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I've been encountering the word litany in articles and some videos and they're sort of used to mean like "a list of", but upon looking in different dictionaries it seems like it is used to list some things that are repetitive or some things that are negative in a way.

An excerpt from an article:

The ideation session itself is the organized gathering of minds within that step where the litany of ideas is generated against some highly defined problems or desired outcomes.

The only dictionary source that I've seen that sort of defines it to list something in a generic way is Merriam-Webster, which defines it as "a sizable series or set" and yet it seems like these have negative connotations.

  • a litany of problems
  • The drug has a litany of possible side effects.

Just want to verify if I can use it some cases in the place of a list or set?

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    Litany is not negative when used in the religious sense.
    – nnnnnn
    Commented Nov 6, 2021 at 3:36
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    @nnnnnn In fact the secular use of 'litany' is (or was originally) metaphorical likening a person's recitation of their list of woes or complaints with the formal incantation or intonation of set religious text.
    – BoldBen
    Commented Nov 6, 2021 at 8:23
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    The point is that a liturgical litany is a very long prayer consisting of lists of petitions in a similar format, used on certain solemn occasions. It's all about asking God for protection against various evils. The term is used metaphorically for a long list of problems or grievances; it's unlikely to be used for a list of pleasant things. Commented Nov 6, 2021 at 8:59
  • Used non-religiously it is employed as irony. "He provided a litany of reasons as to why he had failed to complete his homework". Using the word "litany" whose non-ironic sense involves a collection of prayers and incantations, treats his excuses for not doing his homework with an element of ridicule.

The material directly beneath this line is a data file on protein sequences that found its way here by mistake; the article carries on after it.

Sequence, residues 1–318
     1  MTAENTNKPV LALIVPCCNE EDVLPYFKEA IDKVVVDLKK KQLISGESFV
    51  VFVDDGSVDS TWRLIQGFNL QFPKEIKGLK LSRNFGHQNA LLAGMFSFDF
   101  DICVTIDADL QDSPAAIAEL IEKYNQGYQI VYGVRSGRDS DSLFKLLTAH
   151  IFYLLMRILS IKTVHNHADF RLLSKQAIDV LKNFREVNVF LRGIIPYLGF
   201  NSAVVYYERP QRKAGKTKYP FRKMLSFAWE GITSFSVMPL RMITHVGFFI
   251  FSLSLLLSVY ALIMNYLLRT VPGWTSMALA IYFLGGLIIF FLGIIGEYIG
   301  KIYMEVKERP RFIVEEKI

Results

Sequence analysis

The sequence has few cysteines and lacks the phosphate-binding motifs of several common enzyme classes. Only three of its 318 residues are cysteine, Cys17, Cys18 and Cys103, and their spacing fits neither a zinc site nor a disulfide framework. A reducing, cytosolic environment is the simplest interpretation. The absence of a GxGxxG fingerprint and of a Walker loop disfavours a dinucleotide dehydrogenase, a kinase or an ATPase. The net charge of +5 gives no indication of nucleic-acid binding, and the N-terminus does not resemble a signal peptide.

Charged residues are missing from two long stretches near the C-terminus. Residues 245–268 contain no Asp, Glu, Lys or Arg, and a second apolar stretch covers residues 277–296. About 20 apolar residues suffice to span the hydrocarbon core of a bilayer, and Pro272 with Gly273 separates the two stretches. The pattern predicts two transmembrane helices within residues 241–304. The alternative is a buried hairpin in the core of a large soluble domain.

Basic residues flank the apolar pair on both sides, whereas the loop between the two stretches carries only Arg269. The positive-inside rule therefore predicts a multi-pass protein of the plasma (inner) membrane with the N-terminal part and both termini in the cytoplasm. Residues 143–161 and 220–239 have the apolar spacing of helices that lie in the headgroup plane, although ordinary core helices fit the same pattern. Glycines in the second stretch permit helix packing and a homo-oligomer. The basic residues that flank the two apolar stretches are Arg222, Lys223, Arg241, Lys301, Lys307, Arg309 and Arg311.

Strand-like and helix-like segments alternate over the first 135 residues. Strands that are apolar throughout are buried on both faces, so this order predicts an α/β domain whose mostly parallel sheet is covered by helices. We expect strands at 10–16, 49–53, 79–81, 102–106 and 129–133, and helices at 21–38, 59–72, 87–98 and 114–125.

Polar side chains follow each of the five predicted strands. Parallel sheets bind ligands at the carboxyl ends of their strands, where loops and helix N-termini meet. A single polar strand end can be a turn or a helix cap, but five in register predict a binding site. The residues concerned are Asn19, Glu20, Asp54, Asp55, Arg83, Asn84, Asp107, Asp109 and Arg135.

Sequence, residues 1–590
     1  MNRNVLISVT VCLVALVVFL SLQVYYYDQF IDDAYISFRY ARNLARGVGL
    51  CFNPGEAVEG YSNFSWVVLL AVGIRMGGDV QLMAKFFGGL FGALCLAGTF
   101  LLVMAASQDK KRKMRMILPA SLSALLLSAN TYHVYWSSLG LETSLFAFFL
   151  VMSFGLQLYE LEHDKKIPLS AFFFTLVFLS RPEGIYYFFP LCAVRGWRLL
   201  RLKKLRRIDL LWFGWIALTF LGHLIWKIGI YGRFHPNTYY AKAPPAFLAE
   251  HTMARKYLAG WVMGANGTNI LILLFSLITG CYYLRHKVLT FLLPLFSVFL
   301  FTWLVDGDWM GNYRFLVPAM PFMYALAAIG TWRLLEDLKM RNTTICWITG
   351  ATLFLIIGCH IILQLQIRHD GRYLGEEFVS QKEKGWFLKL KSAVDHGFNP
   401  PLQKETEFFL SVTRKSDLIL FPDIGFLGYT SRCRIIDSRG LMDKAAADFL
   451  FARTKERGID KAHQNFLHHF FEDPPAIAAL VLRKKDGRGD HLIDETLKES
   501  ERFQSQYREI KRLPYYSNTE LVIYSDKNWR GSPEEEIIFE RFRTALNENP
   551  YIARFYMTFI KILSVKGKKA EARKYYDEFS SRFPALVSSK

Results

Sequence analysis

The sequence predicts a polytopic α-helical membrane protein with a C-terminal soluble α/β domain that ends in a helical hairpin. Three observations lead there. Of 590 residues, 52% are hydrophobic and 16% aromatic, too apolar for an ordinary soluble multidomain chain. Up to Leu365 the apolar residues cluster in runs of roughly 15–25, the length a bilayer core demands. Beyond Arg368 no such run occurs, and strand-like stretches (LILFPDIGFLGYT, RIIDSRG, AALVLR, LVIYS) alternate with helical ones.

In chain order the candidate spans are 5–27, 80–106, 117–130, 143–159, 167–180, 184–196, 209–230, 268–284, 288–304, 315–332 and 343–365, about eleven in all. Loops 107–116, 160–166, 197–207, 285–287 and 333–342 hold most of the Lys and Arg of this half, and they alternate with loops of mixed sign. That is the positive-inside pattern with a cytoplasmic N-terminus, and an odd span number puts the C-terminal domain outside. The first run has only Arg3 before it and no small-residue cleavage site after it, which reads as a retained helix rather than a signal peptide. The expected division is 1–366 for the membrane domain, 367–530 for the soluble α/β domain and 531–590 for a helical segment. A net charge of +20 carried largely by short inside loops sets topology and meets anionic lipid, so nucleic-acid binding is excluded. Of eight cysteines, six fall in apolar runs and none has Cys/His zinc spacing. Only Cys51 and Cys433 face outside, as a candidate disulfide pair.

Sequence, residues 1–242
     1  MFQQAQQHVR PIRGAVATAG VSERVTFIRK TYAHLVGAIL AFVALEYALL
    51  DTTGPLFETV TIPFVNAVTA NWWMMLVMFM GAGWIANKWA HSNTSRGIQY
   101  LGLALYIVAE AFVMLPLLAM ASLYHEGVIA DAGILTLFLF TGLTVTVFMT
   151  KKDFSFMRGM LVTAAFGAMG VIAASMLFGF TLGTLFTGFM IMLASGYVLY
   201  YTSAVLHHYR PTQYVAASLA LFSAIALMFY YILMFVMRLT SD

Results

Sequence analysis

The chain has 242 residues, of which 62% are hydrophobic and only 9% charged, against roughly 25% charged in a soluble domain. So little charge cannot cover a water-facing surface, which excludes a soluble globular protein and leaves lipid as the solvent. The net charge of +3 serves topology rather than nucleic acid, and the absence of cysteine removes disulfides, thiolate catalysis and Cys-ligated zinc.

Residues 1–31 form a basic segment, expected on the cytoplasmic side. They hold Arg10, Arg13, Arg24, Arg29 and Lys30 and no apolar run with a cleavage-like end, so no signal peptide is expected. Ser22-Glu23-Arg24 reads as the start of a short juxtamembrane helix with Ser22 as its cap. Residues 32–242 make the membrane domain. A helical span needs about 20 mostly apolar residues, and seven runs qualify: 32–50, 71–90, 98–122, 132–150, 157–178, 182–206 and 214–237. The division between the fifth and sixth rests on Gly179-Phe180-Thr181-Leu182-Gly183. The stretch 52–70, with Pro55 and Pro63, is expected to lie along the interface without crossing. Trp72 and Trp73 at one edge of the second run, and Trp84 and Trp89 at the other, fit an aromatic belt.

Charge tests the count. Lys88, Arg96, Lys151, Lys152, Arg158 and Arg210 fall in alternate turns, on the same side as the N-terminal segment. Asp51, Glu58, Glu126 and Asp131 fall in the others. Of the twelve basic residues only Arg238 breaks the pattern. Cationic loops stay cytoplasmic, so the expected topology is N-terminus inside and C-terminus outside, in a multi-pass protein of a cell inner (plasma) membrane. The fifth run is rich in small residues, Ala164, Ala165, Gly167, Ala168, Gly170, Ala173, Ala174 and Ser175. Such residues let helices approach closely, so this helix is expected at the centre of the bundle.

– WS2
    Commented Nov 6, 2021 at 19:05

1 Answer 1

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litany (n.)

A usually lengthy recitation or enumeration

a familiar litany of complaints M-W

A tedious recital or repetitive series.

a litany of complaints Lexico

(Litany is used negatively in all 21 of Lexico's examples.)

Draft additions 1997
A succession or catalogue of phenomena, esp. unfortunate events. OED


A search in Google Books specifically for positive uses turned up:

Indeed, while the August Douglas Adams, author of The Hitchhikers Guide to the Galaxy series of books, reminded us that space is big, it is not devoid of substance, being, as it is, infused with a dynamic litany of diverse astronomical objects. Martin Beech; Alpha Centauri

Between these bookends a litany of diverse figures extend their various brands of hospitality—Nestor, Menelaos, Kalypso, the Phaeacians, Kirke, Eumaios, the suitors, Penelope ... John Foley; Homer's Traditional Art

It is easy to assemble a diverse litany of attestations to Twain's centrality as the quintessentially “American” artist. Shelly F. Fishkin; Was Huck Black?

Trump, however, picked up the endorsement of former candidate Christie, an endorsement that received ample media attention, overshadowing the litany of endorsements received by Rubio. A. Pieper and J DeWitt; The Republican Resistance

Many people will see and agree with the value of wiretaps, tough measures, stronger laws, good solid police methods, but, unfortunately, the litany of good ideas is not matched with a corresponding litany of good results. Harold Smith; Transnational Crime